Cosmic Anger

Abdus Salam – The First Muslim Nobel Scientist

Here are some wonderful excerpts from the biography of Dr Abdus Salam, Cosmic Anger by Gordon Fraser, for your perusal… I would encourage all to buy the book. Gordon Fraser has done a great service to us for providing us this well research biography of a man we all love and admire.

“Even when brothers and a sister arrived in rapid succession, Abdus Salam was given his own corner of the tiny house. His younger sister, Hamida Begum, helped with household chores and later became his personal handmaid, cleaning and folding his clothes, and following local custom, smearing black kohl around his eyes. The infant Abdus Salam was a bonny child and at the age of two was judged the town’s most healthy baby, the first of many awards in his lifetime.” [pg 48]

“Soon after Abdus Salam’s birth, his father asked a visiting community representative, Maulvi Ghulam Rasool Rajiki, respected as a pious and religious man, to pray for the young boy. The Maulvi foretold that the boy would one day speak so loudly that the world would listen. Muhammad Hussain was impressed. This was now the second time that a remarkable career had been prophesied for his son.” [pg 48]

“With four lecturers, St.John’s [College, Cambridge] was well suited to mathematics students. Salam also discovered the delights of its well-stocked library. ‘Specialization in one area is the sterilization of one’s intelligence,’ he said later. As well as his mathematics studies, he read all he could find on religion, and learned much about history studying for up to sixteen hours a day.” [pg 76]

“Salam talked physics the way other people might tell a joke or describe a football match. Wherever he was working, in Cambridge, London or Trieste, it was always easy to monitor when he arrived for work. He would invariably greet his working colleagues with a hearty professional joke, at which he was the first to chuckle. He had a soft, husky voice, except when he was trying to develop an idea. An intense research collaboration discussion could have been mistaken for an argument. This was his way of doing things. For Salam, physics was sheer delight.” [pg 109]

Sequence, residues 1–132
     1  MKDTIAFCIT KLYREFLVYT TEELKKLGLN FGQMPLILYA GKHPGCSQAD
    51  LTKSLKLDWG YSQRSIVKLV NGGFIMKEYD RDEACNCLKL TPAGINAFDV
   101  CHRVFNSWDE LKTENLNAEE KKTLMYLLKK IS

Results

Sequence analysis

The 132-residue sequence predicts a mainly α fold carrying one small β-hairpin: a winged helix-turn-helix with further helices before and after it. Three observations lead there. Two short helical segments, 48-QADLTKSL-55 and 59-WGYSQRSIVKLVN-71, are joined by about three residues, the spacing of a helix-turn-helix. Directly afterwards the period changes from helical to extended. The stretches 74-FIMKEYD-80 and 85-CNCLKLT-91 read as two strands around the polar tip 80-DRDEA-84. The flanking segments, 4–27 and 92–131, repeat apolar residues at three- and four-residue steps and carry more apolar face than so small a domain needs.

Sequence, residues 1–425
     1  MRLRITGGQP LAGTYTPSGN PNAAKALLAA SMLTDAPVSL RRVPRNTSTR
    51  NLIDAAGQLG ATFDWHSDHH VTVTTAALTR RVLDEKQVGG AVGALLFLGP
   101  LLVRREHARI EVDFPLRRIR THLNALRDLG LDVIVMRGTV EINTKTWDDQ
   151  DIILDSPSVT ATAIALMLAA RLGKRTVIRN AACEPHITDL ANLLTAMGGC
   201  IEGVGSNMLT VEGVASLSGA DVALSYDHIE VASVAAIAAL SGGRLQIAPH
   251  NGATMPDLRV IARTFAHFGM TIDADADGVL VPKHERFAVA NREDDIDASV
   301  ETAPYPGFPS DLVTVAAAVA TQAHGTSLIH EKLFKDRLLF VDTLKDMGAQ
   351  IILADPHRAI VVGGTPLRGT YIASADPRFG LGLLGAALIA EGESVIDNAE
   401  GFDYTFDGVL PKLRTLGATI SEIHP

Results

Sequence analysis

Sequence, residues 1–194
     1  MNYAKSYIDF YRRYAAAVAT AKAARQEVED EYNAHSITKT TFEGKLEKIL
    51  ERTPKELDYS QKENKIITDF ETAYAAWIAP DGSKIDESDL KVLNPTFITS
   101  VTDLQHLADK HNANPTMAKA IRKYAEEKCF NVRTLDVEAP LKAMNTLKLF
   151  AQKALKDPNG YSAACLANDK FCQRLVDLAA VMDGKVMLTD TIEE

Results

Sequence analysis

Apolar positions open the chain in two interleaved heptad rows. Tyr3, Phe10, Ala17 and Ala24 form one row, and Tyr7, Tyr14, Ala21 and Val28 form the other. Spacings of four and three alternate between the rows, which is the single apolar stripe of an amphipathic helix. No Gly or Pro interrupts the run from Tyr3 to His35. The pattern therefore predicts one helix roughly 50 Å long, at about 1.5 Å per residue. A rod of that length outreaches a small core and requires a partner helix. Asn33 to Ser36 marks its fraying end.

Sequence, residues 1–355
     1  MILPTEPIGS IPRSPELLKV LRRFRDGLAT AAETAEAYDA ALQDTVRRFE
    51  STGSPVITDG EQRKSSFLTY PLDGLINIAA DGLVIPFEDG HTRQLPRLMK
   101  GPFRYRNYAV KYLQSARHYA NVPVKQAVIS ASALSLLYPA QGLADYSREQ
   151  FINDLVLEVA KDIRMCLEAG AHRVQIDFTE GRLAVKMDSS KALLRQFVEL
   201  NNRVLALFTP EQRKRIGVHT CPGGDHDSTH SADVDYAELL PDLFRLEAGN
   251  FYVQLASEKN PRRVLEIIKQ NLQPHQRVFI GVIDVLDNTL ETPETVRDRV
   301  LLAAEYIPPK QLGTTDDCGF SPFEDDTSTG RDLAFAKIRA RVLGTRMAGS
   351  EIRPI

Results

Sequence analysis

“Shaw relates… ‘Salam’s tendency was at the other extreme from Kemmer’s: Salam was buzzing with research projects, often involving nuclear physics of which I was woefully ignorant. Consequently, I tried to keep away from Salam as much as possible, and to carry on following up my own ideas.'” [pg 117]

“Unlike the highly principled Pauli, who went to great pains no to commit himself to ideas of which he was unsure, Salam decided it was better to publish somewhere and be wrong than not to publish at all and run the risk of losing credit.” [pg 118]

“In his 1957 inaugural lecture, after summarizing the current status of elementary particles and the problems still to be solved, Salam had added ‘how deeply privileged our generation is to have been presented with this fascinating challenge… stepping stones to an inner harmony, a deep pervading symmetry which we shall discover’. Symmetry was to be the keyword for the next step.” [pg139]

“The years 1964-66 were very busy for Salam. Robert Delbourgo says ‘Often we wouldn’t see [Salam] for a week or two while he was away politicking; the result was when we finally did see him during the brief spells in Trieste, the activity was heightened, even feverish. He wanted rapid progress, which wasn’t always feasible, and got impatient, even tetchy, when things stalled. We knew that he was desperately distracted with the various international organizations and committees he had to deal with, not to mention his obligations to Imperial College. He would work non-stop and quite often carry out his research on planes, or else would want to consult John and I about some finer detail on our research, just before taking off or just after landing. Its miraculous he was so productive, given the other burdens he had to carry.” [pg 152]